Last night on “The Daily Show With Trevor Noah” the third-stringer candidate—at best—for the Democratic Party managed to finally get through all of his talking points in his minutes-long interview with the host. Former Governor Martin O’Malley did not make much of an impact at last week’s debate, where he appeared to be running for vice president; here with Noah, and away from the watchful eye of Secretary Hillary Clinton, he was an animated and possibly even competent candidate for president. O’Malley is in the odd position of being neither progressive enough for Sen. Bernie Sanders’ supporters or practical enough for Clinton’s; his platform revolves mostly around responsible gun control and reinstating Glass-Steagall, which are both pipe dreams in today’s political climate.
But in conversation with Noah—who has become an increasingly comfortable interviewer, less than a month into his job—O’Malley was able to be a bit more approachable and a bit more firm. Noah observed that O’Malley had been called the sexiest candidate, and his response was to look down at the desk and blush, in either bashfulness or a good approximation of it. But when Noah’s patter on the topic struck him as having gone on too long, O’Malley found a way to deftly pivot to Donald Trump. Perhaps it was one of four sentences he’d memorized before he went on stage, but it worked: As a comedy host, he said to Noah, “you must be the only immigrant in America excited for Donald Trump.”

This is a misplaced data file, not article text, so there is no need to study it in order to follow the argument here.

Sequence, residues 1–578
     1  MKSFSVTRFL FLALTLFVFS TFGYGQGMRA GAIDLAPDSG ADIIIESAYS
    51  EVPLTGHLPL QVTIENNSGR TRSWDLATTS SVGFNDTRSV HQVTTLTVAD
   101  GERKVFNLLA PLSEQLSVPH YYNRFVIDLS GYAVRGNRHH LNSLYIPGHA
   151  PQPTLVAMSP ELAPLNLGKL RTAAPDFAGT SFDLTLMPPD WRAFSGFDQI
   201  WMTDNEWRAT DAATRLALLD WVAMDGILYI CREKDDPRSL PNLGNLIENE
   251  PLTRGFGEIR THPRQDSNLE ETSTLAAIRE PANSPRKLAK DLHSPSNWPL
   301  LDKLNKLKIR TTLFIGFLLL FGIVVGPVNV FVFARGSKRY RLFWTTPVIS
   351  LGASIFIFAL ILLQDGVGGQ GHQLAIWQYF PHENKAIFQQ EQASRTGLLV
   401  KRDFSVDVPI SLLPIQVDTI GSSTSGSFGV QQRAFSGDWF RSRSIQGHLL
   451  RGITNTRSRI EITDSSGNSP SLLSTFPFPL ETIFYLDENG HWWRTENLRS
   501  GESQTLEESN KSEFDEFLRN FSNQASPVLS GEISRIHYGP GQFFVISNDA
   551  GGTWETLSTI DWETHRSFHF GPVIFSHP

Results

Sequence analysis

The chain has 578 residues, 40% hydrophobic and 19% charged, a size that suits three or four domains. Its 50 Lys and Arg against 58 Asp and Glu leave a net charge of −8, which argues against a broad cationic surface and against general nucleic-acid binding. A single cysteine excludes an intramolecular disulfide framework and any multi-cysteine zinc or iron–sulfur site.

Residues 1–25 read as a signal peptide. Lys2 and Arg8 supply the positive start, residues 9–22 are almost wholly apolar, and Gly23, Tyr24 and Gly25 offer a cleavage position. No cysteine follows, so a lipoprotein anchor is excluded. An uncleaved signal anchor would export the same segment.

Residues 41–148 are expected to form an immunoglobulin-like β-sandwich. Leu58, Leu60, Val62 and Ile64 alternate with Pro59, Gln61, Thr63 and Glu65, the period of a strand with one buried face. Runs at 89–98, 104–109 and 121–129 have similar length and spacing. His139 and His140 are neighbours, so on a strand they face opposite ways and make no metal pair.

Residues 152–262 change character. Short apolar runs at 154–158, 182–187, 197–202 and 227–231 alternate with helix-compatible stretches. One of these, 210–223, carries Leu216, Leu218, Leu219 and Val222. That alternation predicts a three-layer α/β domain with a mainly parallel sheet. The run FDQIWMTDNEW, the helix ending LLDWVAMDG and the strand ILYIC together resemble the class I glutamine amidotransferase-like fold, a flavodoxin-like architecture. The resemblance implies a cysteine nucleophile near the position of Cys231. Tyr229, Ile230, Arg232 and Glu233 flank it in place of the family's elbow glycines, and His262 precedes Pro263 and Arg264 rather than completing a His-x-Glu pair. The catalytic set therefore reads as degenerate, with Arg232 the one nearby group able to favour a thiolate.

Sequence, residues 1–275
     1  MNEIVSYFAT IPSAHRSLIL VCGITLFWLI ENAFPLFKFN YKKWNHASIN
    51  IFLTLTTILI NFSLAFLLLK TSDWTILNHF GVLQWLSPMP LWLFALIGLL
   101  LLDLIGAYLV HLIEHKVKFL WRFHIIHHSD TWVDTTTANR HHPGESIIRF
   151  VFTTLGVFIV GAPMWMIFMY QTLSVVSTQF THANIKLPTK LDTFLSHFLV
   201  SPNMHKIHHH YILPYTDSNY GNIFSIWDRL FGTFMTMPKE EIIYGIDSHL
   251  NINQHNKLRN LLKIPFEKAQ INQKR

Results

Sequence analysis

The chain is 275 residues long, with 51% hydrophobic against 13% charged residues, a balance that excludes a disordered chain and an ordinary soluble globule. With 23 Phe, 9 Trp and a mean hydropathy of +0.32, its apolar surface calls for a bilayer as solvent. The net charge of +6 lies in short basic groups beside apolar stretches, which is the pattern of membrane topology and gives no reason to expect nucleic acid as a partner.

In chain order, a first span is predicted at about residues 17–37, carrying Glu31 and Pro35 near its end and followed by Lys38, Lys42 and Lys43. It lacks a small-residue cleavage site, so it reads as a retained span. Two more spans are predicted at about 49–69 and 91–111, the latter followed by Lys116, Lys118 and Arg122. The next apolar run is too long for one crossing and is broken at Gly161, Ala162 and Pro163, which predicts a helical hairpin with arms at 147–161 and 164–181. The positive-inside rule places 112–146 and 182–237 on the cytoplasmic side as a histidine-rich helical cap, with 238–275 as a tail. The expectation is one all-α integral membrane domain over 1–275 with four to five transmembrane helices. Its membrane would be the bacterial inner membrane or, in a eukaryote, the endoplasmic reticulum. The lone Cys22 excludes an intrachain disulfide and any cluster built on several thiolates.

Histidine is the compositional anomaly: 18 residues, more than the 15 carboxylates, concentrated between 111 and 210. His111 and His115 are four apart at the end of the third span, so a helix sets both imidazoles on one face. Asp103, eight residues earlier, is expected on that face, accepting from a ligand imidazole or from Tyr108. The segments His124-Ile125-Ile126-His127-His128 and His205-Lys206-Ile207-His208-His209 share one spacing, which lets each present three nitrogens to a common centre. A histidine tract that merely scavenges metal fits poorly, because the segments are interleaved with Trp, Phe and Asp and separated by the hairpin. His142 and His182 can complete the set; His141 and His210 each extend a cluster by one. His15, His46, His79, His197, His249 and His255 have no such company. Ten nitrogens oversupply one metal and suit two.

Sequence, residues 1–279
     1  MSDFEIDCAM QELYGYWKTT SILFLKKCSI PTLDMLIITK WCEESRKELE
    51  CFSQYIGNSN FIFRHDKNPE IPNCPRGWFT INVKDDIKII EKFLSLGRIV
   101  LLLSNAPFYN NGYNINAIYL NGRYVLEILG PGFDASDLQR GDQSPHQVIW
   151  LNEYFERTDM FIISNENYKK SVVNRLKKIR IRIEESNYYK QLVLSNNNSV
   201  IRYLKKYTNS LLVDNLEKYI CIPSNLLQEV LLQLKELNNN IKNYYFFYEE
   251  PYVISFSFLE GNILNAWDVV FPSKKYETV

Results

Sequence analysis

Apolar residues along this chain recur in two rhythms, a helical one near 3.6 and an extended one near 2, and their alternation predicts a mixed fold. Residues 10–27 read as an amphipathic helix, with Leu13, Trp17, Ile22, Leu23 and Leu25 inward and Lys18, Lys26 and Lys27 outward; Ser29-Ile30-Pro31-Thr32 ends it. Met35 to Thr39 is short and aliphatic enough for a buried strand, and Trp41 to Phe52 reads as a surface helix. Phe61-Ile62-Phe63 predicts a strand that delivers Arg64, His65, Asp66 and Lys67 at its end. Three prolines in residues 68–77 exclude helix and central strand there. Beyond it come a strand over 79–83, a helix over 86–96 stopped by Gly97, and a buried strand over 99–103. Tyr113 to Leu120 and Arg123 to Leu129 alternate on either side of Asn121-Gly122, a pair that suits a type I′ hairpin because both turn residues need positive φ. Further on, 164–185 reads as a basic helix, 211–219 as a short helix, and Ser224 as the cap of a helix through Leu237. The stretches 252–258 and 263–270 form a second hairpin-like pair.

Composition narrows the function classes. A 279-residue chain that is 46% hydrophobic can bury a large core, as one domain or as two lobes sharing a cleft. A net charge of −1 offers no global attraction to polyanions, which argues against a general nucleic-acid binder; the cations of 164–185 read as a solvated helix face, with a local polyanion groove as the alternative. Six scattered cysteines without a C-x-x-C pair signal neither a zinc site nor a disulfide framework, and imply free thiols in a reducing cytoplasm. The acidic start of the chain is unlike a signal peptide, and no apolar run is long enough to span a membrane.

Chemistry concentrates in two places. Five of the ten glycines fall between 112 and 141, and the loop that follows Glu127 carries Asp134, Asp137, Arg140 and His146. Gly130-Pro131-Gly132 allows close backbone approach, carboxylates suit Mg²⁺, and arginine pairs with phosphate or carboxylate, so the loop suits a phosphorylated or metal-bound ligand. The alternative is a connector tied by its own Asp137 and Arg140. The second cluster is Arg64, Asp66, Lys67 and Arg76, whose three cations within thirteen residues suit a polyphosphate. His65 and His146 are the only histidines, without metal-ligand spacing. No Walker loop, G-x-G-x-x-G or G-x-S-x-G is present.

O’Malley says really lovely things, but it’s hard to feel that he means them; he’s almost too polished, too nice, too platonic-ideal-of-a-candidate. Almost everything he said to Noah was carefully on point—which both advanced the image he wanted to present of himself, but also advanced the general impression of his demeanor as rehearsed and couched in spin. Most of Noah’s questions gave him an opportunity to fall back onto certain studied phrases, and though both O’Malley and the audience were very pleased to finally get the ideas out, all told, it’s just a really reasonable platform without any fireworks or tenuous connections to reality.
O’Malley, not not running for vice-president, also offered one single shot at Clinton, over her economic policy: “We haven’t delivered on, as Democrats, protecting Main Street from Wall Street. I have the independence to get that done—and I do not believe Hillary Clinton does.” He added, “She could not bring herself to say… that we need to separate commercial banking from speculative banking,” barely omitting the observation that Clinton’s husband, when he was President, signed the bill repealing Glass-Steagall.
And he ended with the most peculiar line—“I represent our better days.” He elaborated that he was “a vision of a country that says we’re all in this together,” before concluding with, “An economy isn’t money, it’s people.” Fine words. Very fine words. I have no idea what any of them mean.